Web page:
Human Rights and International Law in the Middle East
Legal Implications of Safe Passage: Reconciling a Viable Palestinian State with Israeli Security Requirements
The War on American Diplomacy: Isis, Al-Qaeda, and Taliban’s Sustained Attacks on Peaceful U.S. Missions Abroad
Israel’s Struggle Against Islamic Terrorism: Lessons from the Expulsion of Hamas Militants to Southern Lebanon
Palestinian Christians: Equal Citizens or Oppressed Minority in a Future Palestinian State
Palestinian Christians: Silent Victims of a Zero-Sum Game
Human Rights Trends in the Emerging Palestinian State: Problems Encountered by Muslim Converts to Christianity
Co-existence Without Conflict: the Implementation of Legal Structures for Israeli-Palestinian Cooperation Pursuant to the Interim Peace Agreements
The Hebron Protocol: The End of the Beginning or the Beginning of the End of the Israeli Palestinian Peace Process
Peace and Its Discontents: Israeli and Palestinians Intellectuals Who Reject the Current Peace Process
Hard Facts Meet Soft Love – The Israel-PLO Declaration of Principles and the Prospects for Peace: A Response to Katherine W. Meighan
Human Rights in Limbo During the Interim Period of the Israel-Palestinian Peace Process: Review, Analysis and Implications
Hamas' Determination to Perpetuate the Israeli-Palestinian Conflict: The Critical Role of Hate Indoctrination
The Palestinian Boycott of Jerusalem’s Municipal Political Process: Consequences for the Level of Public Services and Infrastructure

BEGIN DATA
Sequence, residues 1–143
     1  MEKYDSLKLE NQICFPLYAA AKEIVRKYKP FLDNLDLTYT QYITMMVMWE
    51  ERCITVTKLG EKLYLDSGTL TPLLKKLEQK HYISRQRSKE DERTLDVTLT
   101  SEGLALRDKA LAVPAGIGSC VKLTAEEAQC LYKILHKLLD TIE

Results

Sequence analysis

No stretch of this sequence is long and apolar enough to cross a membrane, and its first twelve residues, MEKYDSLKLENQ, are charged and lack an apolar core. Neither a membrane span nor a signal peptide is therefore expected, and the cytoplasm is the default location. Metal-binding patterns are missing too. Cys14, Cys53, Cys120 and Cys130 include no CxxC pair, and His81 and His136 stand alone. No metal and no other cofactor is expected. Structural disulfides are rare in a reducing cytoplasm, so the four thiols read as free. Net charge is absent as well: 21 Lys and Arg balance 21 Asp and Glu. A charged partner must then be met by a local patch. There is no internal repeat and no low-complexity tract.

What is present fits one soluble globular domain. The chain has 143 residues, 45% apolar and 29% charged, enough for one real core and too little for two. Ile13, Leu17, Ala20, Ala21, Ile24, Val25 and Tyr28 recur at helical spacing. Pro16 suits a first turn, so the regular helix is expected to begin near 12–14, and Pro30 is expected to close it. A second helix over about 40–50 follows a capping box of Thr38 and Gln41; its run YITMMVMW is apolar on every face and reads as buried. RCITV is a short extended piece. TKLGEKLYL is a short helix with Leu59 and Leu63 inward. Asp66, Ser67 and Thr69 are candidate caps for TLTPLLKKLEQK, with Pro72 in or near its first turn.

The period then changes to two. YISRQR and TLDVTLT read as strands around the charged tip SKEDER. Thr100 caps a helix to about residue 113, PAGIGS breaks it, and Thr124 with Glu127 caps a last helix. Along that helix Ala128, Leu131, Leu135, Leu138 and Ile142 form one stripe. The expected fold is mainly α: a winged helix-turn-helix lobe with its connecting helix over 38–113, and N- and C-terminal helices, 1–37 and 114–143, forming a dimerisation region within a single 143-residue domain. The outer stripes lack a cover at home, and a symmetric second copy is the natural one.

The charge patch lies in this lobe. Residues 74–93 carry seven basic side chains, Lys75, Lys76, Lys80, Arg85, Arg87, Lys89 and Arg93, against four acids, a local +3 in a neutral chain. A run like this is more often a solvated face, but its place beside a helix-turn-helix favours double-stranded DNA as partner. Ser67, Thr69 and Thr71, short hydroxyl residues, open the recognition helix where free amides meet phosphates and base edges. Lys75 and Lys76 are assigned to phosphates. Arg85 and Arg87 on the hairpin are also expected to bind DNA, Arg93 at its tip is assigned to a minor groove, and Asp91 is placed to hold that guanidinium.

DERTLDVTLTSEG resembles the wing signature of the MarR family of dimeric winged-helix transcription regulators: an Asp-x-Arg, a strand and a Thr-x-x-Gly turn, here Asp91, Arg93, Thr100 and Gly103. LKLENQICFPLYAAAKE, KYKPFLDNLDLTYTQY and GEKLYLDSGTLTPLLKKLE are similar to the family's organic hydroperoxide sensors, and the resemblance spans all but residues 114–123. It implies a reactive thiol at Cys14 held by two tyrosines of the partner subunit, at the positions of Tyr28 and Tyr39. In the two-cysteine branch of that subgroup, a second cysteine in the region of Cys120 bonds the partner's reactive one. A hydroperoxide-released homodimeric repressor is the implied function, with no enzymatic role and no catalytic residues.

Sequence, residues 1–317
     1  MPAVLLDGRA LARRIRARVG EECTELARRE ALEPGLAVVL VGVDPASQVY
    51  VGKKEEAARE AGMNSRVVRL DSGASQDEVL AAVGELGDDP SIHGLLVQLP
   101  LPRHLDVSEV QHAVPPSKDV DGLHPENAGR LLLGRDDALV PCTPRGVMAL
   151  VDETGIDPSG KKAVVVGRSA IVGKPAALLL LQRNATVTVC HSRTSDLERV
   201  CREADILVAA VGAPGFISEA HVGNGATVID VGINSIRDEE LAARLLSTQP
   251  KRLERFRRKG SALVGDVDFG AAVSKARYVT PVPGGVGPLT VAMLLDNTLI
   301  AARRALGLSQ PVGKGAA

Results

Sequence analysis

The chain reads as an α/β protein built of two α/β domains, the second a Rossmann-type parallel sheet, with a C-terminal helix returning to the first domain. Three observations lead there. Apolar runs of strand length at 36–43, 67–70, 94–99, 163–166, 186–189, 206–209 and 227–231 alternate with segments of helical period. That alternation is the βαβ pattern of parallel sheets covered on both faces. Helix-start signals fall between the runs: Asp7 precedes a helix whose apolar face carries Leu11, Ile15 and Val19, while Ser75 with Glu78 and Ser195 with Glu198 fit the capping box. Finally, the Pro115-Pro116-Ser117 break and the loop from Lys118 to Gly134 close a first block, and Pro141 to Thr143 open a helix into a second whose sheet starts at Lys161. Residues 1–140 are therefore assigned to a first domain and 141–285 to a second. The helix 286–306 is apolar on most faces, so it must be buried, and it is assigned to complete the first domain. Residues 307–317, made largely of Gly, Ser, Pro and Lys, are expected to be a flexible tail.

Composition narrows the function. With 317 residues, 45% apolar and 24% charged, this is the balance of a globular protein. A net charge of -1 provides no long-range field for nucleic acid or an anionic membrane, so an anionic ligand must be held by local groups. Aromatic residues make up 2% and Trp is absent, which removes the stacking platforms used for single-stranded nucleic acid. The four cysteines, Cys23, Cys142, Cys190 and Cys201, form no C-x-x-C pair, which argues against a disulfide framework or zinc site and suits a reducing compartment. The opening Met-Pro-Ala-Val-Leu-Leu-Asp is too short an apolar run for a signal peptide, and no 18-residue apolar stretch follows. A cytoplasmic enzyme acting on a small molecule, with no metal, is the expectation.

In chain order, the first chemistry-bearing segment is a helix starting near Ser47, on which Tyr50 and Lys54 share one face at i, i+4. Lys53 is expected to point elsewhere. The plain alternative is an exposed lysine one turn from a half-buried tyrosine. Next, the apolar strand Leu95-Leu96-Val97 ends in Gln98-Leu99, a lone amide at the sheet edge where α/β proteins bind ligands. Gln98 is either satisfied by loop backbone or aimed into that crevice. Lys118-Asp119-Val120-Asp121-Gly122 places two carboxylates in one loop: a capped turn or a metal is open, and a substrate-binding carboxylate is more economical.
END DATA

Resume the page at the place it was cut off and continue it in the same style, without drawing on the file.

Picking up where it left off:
Freedom of Speech
The Threat to Freedom of Speech about Israel: Campus Shout-Downs and the Spirit of the First Amendment
Freedom of Movement
(Jerusalem Letter/Viewpoints, No. 422, January 2000)
by Justus Weiner
Professor Edward Said (1935-2003) of Columbia University was the Western world’s foremost spokesman for the Palestinian cause. For years, the eminent intellectual told his life story as an allegory of the Palestinian people, presenting himself as a dispossessed Palestinian refugee deserving of “reparations” for what he claimed was his house in Jerusalem, from where he said his “entire” family was “ethnically cleansed.”
In 1999, Commentary Magazine published my expose “‘My Beautiful Old House’ and Other Fabrications by Edward Said,” which exposed how Said had reinvented his life story. The house in Jerusalem was in fact the home of relatives whom Said occasionally visited.
Edward Said actually grew up in Cairo, the scion of a wealthy Cairene family. His father had moved to Cairo from Jerusalem a decade before Edward was born. Until his departure to attend prep school in America in 1951, Edward Said resided with his family in exclusive Zamalek neighborhood and attended private English and American schools.
The “best-known Palestinian intellectual in the world” (as described on BBC) weaved an elaborate myth of expulsion from paradise. Edward Said was never a refugee from Palestine, but he is certainly a refugee from the truth.